Orlan

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ORLAN
ORLAN (2013)
Born
Mireille Suzanne Francette Porte

(1947-05-30) May 30, 1947 (age 73)
Websitewww.orlan.net

ORLAN (born Mireille Suzanne Francette Porte) is a French contemporary artist best known for her work with plastic surgery in the early to mid-1990s. She is known as a pioneer of carnal art, a form of self-portraiture that utilizes body modification to distort one's appearance. She adopted the pseudonym "ORLAN" in 1971.

She lives and works in Paris and sits on the board of administrators for the Palais de Tokyo, She was previously a professor at the École nationale supérieure d'arts de Cergy-Pontoise.

Biography[edit]

Early works[edit]

ORLAN's career as a performance artist began in 1964, when she performed Marches au ralenti (Slow motion walks) in her hometown of Saint-Étienne. During these performances, she would walk as slowly as possible between two central parts of the city. A year later, she produced MesuRages, in which she used her own body as a measuring instrument. With her "ORLAN-body" as the unit of measurement, she evaluated how many people could fit within a given architectural space. This was the first time she utilized her Trousseau, a set of household goods and other items traditionally provided to a young woman by her family upon her marriage, in a performance piece. Her Trousseau was re-purposed in a number of subsequent projects.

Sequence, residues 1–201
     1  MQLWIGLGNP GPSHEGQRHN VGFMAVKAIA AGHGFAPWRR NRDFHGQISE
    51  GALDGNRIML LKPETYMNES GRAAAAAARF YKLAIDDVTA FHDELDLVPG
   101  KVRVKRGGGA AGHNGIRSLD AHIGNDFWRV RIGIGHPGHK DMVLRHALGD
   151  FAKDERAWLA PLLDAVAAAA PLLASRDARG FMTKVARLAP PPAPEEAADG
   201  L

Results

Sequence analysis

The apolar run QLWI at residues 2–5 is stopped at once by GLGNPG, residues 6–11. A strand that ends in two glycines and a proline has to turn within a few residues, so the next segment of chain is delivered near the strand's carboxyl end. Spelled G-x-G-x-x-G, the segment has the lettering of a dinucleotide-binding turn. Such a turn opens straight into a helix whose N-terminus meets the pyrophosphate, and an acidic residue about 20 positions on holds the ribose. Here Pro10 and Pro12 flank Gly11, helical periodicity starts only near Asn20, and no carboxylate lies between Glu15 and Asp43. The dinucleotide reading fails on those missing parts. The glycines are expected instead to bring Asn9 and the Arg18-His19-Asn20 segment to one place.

Between 1964 and 1966, she produced Vintages, a series of black and white photographic works. She destroyed the original negatives of these pieces, and today only one copy of each photograph remains. In this series, she posed naked in various yoga-like positions. One of the most famous pictures of this series is ORLAN accouche d'elle m'aime. She produced a body of work entitled Tableaux Vivants between 1967 and 1975, which she based off the works of prominent Baroque artists like El Greco and Gericault. In reference to Baroque art, she used inmates as models, wore exaggerated faux-Baroque costumes, and drew inspiration from Caravaggesque stereotypes. In 1971, she "baptized herself" Sainte-ORLAN, adorning herself with billowing black vinyl and white leatherette. Color photographs of Saint ORLAN were later incorporated into photo-collages, videos, and films tracing a fictive hagiography. Like her Tableaux Vivants, much of her work involving Saint ORLAN was directly inspired by Baroque art.